Purchased from: Music Inn, Nottingham
Sound — 7
I'm playing a Warwick Rockbass Fortress into a Laney RB-8 combo, with the ODB-3 linked up with a GEB-7 EQ pedal, CEB-3 chorus and an Ibanez PD-7 (which I actually use as a volume boost/slight dirt). The ODB-3 is surprisingly not noisy, there's very little background hiss, which would be eliminated if I was using a noisegate like I should. Obviously the higher you crank the gain, the more noise you get, but that's what the gain control is there for, so you can't fault it for that. The effects are far from weak. Step on this pedal and you can feel it kick like a mule as all that dirty juice thunders down the cable and out of your amp. None of my favourite artists (that I know of) make extensive use this pedal, and I haven't really tried getting this pedal to sound like something it's not (Well, I'm a Tool fan, I'd be trying a long time). I'm more interested in forging my own sound, and this pedal certainly helps. A tip from me, though. Try and keep the treble on the on-board 2 band EQ on the AM side of noon. With too much treble from the pedal, it does cause the signal to get quite "fizzy," the main problem people seem to have with this pedal. But as long as you compensate by notching the treble down a little you'll be fine. I score it a seven because of the slight tendency to produce fizzy sounds when the treble is cranked and because it doesn't do the "slightly dirty" Vintage overdrive tone, which most bass players seem to expect from it.
Overall Impression — 9
I play a very eclectic mix of music, but mostly grounded in the "modern rock" / alternative rock / post-rock/post-metal vein. For this, it's more than suitable. As I can conjure everything from slightly broken up cleans to a thick carpet of low end fuzz from this pedal, it's an ideal Tool for me. I've been playing for a few years now, and this is my second distortion pedal for bass. It contrasts quite well with the Ibanez PD-7 that I use. I think overall the PD-7 is the more adaptable pedal, but the ODB-3 is miles ahead in pure power, and that's why I picked it up to add to my rig. If you want a distorted bass sound that will blow the crowd against the back wall, the ODB-3 can deliver, and that's what I love about it. I do wish the pedal had true bypass, because my pedal board is growing exponentially and I don't want to lose too much tone through the amount of pedals I'm using but that's my only gripe. At this stage it's not a problem and I can't notice any loss of tone what'soever, which is not true of the likes of the Big Muff Pi, which to my ears sucks the bottom off your tone before you even step on it. Overall impression? Damned good pedal, no regrets in buying it what'soever. Boss are almost always a sure bet for good quality and I totally cannot understand the bad reputation this pedal has. In my opinion, it's not the pedal that's the problem, it's the person using it not understanding what exactly it is they've got.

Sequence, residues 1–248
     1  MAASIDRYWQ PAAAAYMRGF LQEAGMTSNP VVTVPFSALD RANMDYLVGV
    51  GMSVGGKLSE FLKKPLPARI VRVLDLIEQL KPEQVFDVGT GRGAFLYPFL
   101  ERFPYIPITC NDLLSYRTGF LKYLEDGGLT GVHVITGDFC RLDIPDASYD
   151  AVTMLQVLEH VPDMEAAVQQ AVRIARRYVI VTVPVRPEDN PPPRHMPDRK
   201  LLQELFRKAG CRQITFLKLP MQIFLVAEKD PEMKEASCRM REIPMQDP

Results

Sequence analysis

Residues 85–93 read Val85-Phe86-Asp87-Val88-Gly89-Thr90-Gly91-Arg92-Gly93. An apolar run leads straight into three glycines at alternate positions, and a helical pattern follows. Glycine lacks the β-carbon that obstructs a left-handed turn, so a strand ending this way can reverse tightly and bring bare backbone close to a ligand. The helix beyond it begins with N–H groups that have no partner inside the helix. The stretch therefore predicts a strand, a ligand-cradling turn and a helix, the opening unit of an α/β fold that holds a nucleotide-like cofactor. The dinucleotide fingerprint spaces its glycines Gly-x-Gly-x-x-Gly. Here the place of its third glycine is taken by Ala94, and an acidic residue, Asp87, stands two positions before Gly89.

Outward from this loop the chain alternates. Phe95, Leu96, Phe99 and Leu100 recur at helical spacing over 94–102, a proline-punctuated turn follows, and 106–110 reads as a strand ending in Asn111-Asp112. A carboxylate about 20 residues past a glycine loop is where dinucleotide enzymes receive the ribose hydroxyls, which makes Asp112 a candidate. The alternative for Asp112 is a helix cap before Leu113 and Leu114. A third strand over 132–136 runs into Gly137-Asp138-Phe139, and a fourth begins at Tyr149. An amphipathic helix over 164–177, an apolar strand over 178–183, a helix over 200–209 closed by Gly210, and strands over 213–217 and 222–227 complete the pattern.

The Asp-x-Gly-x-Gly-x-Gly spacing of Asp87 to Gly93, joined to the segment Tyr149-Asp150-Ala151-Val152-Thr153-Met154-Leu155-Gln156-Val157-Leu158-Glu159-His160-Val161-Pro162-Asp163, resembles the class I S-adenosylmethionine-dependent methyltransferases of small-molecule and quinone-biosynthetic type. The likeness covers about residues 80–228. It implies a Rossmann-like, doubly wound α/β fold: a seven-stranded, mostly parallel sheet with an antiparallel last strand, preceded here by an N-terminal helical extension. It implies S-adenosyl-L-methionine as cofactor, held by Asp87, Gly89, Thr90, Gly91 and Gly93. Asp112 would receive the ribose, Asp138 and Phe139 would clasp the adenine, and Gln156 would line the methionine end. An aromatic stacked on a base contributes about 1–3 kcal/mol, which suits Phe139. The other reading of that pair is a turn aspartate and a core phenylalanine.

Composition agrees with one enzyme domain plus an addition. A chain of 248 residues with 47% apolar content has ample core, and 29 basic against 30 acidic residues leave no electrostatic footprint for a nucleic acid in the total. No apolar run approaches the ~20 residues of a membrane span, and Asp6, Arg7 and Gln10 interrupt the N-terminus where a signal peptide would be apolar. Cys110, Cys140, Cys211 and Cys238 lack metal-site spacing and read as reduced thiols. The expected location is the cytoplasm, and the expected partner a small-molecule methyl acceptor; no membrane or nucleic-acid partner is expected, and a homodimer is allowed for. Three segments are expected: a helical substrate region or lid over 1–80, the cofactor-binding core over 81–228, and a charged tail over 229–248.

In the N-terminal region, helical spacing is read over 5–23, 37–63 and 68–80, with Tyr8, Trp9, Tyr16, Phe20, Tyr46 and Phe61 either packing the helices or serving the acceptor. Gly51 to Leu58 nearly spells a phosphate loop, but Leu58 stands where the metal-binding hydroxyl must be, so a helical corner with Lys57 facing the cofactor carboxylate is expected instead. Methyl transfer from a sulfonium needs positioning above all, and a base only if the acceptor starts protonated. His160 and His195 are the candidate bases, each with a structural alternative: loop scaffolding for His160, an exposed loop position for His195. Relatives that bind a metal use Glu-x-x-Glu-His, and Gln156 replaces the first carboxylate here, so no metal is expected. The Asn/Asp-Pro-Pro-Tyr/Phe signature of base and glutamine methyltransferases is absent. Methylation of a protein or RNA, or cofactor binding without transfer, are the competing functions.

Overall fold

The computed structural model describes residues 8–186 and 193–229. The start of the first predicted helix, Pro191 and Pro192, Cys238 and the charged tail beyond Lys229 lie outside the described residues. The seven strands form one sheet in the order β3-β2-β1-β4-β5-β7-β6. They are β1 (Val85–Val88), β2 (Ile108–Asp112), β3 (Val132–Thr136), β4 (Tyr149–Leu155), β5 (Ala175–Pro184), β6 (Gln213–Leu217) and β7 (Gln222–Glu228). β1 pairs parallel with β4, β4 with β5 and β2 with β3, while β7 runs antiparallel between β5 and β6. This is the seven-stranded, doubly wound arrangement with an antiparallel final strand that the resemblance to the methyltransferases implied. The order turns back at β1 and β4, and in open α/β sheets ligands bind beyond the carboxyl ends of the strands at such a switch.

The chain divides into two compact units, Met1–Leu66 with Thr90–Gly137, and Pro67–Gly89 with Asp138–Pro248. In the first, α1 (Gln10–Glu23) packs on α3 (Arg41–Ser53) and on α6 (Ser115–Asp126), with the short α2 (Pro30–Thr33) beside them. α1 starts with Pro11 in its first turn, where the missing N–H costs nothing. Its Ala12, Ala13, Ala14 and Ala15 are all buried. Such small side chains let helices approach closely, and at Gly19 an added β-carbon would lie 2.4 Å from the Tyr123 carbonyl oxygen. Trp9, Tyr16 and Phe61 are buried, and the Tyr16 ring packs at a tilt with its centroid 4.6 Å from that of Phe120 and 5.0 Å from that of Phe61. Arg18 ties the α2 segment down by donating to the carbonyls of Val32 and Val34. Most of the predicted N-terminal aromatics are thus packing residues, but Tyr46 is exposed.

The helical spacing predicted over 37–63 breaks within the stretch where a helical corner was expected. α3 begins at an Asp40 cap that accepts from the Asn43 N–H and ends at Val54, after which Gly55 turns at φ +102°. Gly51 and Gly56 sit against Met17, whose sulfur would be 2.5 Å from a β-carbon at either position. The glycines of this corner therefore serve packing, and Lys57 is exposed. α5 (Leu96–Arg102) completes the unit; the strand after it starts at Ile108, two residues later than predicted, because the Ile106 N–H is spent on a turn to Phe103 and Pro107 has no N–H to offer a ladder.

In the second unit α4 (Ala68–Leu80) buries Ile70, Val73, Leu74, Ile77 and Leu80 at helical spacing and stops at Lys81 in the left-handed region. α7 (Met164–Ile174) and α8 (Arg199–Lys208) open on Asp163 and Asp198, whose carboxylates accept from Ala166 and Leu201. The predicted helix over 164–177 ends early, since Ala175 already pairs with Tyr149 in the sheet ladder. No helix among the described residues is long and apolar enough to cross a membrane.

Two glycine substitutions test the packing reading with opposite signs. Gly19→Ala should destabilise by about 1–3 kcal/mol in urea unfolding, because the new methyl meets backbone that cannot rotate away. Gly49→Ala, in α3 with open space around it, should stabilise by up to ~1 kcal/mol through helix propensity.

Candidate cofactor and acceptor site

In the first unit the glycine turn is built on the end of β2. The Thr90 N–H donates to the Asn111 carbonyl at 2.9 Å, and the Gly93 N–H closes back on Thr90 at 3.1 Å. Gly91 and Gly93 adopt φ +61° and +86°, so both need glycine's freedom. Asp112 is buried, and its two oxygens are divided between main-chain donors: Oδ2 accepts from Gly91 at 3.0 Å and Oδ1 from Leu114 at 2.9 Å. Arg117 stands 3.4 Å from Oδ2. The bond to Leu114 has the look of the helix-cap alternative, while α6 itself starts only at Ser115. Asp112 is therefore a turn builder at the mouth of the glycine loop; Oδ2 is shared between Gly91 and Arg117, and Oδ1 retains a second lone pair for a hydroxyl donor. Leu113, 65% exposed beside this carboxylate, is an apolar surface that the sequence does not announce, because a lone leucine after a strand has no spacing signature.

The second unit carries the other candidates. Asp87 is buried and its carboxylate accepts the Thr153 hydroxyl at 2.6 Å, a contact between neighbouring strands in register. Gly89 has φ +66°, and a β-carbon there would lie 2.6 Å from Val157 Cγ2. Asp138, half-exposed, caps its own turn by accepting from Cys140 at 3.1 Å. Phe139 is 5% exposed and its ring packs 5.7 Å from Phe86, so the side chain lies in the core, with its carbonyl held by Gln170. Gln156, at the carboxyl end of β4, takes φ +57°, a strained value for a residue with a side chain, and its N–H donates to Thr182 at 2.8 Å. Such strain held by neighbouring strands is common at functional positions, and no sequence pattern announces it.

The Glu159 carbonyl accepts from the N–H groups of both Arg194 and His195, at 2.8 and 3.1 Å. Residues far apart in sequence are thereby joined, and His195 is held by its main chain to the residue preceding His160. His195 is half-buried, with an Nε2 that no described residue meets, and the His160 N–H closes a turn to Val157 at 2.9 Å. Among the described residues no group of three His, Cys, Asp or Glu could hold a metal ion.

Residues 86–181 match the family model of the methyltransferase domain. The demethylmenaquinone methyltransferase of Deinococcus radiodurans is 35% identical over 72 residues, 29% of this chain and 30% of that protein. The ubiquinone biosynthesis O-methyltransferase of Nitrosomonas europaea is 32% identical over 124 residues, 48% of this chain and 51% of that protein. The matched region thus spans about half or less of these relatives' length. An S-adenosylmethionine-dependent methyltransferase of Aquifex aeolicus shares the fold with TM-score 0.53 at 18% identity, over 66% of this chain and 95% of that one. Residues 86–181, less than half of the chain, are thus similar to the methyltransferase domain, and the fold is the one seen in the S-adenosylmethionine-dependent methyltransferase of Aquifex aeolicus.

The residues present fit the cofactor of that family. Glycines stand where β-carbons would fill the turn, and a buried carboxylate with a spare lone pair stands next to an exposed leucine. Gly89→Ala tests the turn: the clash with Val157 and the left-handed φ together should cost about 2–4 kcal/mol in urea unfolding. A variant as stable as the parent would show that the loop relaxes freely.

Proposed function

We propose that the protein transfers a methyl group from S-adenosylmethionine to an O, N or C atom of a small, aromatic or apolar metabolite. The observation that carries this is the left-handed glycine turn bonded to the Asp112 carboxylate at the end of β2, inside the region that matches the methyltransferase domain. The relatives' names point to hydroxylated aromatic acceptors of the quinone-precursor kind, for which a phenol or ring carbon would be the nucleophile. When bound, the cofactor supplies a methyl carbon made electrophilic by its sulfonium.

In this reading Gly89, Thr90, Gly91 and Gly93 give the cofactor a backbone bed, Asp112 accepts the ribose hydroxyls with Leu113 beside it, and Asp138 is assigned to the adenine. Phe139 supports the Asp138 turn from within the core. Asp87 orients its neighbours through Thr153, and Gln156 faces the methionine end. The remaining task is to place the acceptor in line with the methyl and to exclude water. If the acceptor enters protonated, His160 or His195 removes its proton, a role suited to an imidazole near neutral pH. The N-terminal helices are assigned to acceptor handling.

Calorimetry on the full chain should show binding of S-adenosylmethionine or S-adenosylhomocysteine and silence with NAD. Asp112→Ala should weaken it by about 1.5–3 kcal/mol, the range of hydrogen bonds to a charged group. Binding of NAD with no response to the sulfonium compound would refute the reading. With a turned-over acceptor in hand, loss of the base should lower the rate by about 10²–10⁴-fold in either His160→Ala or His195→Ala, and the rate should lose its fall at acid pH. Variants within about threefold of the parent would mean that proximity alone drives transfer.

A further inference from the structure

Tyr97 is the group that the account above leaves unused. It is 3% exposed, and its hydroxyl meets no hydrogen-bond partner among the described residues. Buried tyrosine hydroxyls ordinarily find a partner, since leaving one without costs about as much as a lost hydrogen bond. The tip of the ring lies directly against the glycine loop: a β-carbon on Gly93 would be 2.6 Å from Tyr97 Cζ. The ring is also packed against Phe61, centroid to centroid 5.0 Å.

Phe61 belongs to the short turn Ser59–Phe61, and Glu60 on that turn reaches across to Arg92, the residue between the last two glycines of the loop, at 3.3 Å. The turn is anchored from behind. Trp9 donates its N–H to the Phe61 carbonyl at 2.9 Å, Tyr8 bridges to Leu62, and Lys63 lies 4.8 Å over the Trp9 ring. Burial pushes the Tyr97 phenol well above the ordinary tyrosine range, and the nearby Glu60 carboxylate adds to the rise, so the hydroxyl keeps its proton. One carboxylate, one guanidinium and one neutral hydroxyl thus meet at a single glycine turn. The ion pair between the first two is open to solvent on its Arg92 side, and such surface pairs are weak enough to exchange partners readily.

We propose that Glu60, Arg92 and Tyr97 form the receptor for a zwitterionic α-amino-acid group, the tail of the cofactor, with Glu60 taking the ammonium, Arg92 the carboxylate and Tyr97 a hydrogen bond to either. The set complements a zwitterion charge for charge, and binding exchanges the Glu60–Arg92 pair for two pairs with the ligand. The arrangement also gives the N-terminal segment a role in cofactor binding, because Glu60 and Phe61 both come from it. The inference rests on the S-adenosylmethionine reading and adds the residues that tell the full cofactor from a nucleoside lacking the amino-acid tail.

Reliability & Durability — 10
It's a Boss pedal. As with every other reviewer writing about a Boss product, I'll say those words: indestructable. You could run it over and it'll still sound fine. I can and have gigged with it without a backup. It's not let me down. I don't think it's capable of letting me down! As long as you're hooked up to a mains supply or (if you must) have fresh batteries in, it'll take nothing short of the apocalypse to stop this pedal from delivering it's aggressive distortion to you by the truckload.
Ease of Use — 8
Okay, first thing to consider about this pedal is that it is not an overdrive pedal. It's a dirty, fuzzy distortion pedal that will kick like a mule and melt faces. If you want a slight Vintage growl, buy an Ampeg Scrambler. With that in mind, it's very easy to get the sound you want out of it. I spent a few minutes in the shop on a store bass, into a store amp, and found the sound I liked within a few minutes by tweaking the very simple (but effective) controls. The manual is pretty standard for Boss products, "this knob does this, this knob does that, plug bass in here". There were a few fairly decent example settings that someone could easily use as a starting point to get the sound they want. I could have summed up this entire section by saying "It's Boss", though. Set and forget. Fine as always.